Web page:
This credit rating guide guide will help you assist you in assessing your potential credit grade and what type of terms you can expect from a mortgage lender.
Keep in mind this is merely a generic guide as some mortgage lenders have different grading based upon their own process of valuation.
The credit is broken into three primary classes:
The bigger the credit problems, the further the score decreases (see below). As the credit scoring on loans decreases, mortgage lenders typically assess higher interest rates and fees.
LTV as it's generally referred to, is the ratio of mortgage loan amount to the appraised value of a property. For instance, a loan of $200,000 on a property valued at $400,000 has a LTV of 50%.
The closer your LTV is to 100%, the tighter the mortgage lenders become on credit and debt ratio. Prior to 2008 "A" borrowers could get 100% LTV loans and in some cases even 125% these have become almost non-existent even for borrowers with the best of credit. For the "D" borrower maximum loan-to-value ratio is often much lower than 80%.
In addition to credit considerations, mortgage lenders will review the capability of borrowers to repay their mortgage obligation.
Mortgage lenders calculate the debt ratio by dividing the total monthly debts (the housing expenses for the proposed mortgage loan plus the borrowers other monthly credit obligations) by the total gross monthly income.
For instance, if total obligations for the borrower are $2,800 ($2,000 for the mortgage, taxes and insurance and $800 for all other credit responsibilities), the debt ratio would be 35% ($2,800/$8,000 = 35%).
If a borrower has a low debt ratio, the grading will be higher. Conversely, if a borrower has a high debt ratio, the grading will be lower.
Mortgage lenders and other creditors oftentimes use credit scores, called FICO scores, to decide the credit risk. The higher the credit score, the better the credit risk.
FICO stands for Fair Isaac Company, the company that created the original credit scoring system. All three credit bureau's have its own unique system which lets them offer a score supported entirely on the contents of the credit bureau’s data about an individual.
Even so, a numerical score at one bureau is the same as the numerical score at another. Therefore, a score of 720 from Experian indicates the same creditworthiness as a score of 720 from Equifax or Trans-Union, even though the calculations used to decide those credit scores are different at each bureau.
The scores range from 400 to 900 points, and generally, a score of 680 or above suggests a good credit history. Average FICO scores fall into a range between 650 and 680.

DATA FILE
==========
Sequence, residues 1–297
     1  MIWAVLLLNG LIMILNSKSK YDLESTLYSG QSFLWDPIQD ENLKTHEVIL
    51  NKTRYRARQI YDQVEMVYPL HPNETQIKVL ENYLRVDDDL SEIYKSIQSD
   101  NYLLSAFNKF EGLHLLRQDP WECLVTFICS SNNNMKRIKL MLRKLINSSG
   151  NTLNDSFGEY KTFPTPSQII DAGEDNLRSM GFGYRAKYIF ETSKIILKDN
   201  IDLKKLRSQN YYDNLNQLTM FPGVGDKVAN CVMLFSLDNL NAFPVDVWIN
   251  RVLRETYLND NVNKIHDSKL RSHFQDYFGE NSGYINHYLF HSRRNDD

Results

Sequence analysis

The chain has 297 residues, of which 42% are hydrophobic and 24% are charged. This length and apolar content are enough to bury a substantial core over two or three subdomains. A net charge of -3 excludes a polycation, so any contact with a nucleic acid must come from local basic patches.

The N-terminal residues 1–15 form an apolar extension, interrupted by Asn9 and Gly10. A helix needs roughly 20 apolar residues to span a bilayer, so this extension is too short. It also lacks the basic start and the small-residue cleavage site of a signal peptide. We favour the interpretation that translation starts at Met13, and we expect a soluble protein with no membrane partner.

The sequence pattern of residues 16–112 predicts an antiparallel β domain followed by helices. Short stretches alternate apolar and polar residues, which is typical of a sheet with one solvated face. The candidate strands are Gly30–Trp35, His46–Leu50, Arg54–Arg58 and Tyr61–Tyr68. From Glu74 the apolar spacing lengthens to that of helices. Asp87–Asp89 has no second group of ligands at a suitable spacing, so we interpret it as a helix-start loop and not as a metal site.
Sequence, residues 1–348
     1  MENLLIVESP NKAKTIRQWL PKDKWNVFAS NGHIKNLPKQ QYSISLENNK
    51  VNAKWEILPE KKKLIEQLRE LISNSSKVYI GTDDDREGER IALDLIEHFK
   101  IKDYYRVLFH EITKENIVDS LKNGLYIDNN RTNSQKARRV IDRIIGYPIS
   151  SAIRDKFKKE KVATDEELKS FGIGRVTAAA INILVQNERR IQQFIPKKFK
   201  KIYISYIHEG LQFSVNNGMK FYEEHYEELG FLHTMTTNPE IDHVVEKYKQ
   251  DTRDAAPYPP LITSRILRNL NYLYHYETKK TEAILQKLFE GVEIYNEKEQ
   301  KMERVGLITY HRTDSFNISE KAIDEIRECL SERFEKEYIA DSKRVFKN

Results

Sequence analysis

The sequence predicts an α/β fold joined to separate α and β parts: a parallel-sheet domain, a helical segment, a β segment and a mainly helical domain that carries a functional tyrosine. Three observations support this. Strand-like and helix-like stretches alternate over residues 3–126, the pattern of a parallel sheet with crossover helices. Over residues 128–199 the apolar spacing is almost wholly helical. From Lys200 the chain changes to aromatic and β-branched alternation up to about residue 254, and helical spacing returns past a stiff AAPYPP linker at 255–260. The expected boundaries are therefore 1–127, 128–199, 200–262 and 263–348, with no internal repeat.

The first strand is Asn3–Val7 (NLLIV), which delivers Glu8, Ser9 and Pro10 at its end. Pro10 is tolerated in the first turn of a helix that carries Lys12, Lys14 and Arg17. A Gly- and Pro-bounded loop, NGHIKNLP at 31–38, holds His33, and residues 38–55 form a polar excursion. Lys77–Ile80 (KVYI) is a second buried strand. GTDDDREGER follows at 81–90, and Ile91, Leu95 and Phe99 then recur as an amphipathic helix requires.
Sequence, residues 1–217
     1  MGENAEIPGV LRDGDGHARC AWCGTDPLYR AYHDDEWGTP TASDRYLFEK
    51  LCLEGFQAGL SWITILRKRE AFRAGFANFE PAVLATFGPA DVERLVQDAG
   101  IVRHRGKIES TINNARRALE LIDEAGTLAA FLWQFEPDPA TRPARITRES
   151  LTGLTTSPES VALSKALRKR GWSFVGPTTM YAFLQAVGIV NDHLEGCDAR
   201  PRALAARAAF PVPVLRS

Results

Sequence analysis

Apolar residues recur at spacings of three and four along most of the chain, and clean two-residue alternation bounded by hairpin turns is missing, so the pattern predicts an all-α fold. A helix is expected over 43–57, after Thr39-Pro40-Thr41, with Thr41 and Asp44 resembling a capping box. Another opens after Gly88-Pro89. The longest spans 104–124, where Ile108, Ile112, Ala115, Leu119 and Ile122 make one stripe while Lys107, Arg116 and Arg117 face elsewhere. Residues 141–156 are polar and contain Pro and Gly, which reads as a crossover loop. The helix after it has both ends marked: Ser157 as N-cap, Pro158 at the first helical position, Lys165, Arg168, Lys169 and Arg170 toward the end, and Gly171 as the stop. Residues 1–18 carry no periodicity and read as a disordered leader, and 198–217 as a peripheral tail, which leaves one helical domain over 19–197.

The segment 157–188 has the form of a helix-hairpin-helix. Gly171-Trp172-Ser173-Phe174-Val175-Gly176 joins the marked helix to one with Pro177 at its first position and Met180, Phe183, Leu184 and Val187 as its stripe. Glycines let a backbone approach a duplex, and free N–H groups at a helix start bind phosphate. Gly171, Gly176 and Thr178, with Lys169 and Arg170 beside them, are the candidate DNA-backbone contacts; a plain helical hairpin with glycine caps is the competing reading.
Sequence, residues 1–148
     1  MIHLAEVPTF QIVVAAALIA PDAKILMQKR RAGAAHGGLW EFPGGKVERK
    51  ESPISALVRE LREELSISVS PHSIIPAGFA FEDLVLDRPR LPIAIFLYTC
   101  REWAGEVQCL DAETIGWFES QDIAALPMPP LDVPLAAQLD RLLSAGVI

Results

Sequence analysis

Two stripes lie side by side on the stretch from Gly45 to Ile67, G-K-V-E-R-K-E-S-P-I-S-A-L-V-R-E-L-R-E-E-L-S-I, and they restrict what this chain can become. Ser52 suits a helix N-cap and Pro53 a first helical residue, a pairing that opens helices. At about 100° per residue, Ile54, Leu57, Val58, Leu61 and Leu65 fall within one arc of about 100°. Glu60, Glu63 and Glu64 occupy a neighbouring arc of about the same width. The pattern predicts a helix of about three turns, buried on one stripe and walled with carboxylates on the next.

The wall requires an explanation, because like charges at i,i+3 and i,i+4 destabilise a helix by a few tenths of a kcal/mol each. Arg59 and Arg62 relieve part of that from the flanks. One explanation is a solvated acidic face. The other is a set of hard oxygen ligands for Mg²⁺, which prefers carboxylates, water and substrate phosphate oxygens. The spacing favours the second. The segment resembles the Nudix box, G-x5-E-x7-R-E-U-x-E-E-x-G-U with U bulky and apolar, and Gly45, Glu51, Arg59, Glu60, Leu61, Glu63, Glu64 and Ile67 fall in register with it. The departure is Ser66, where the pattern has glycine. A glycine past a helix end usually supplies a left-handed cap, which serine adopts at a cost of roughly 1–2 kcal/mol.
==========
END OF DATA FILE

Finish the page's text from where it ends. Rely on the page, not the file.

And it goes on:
It must nevertheless be mentioned that not all mortgage lenders give the same value to all credit scores. Also, not all mortgage lenders use the credit scoring system and even when they do they might not use the credit scoring system for every loan program they have available. Many small community banks still do this.
The rate of interest a mortgage lender will charge hinges upon these four factors. If all the factors are great, the mortgage loan is assigned an "A" grade and consequently qualifies for the best rate of interest.
If even one of the factor is not up to par, the quality of the loan is downgraded to A-, B, C, or D paper. "D" paper pertains to what is called hard money mortgage loans which are largely based on the amount of available equity in your property and not just on your credit.
"A" paper mortgage lender's who are making a B, C or D paper mortgage loans are taking a much higher risk because there's an increased likelihood of the mortgage loan defaulting.
The mortgage lender is compensated for the higher risk by giving the borrower a higher rate of interest and making a higher rate of return:
The interest rates quoted for A-, B, C, D paper can vary immensely from mortgage lender to mortgage lender. ARM programs, for instance are notorious for having huge discrepancy in rates from mortgage lender to mortgage lender
Below are some of the typical requirements used by many mortgage lenders, but are not absolute credit grades - mortgage lenders normally have similar, but slightly different specs.
Note: The numbers presented here are broad guideline and could change from mortgage lender to mortgage lender. Exceptions are possible with substantial compensating factors that reflect you are a low credit risk.
A few compensating factors are long-term job stability, history of savings, history of making monthly credit payments that equal or surpass the planned payments, a large down payment or a large cash reserve after the close of escrow.
If you plan on shopping around for a mortgage we propose that you take the time to order your credit report from all three credit agencies use what you have learned from this credit rating guide and check it for errors.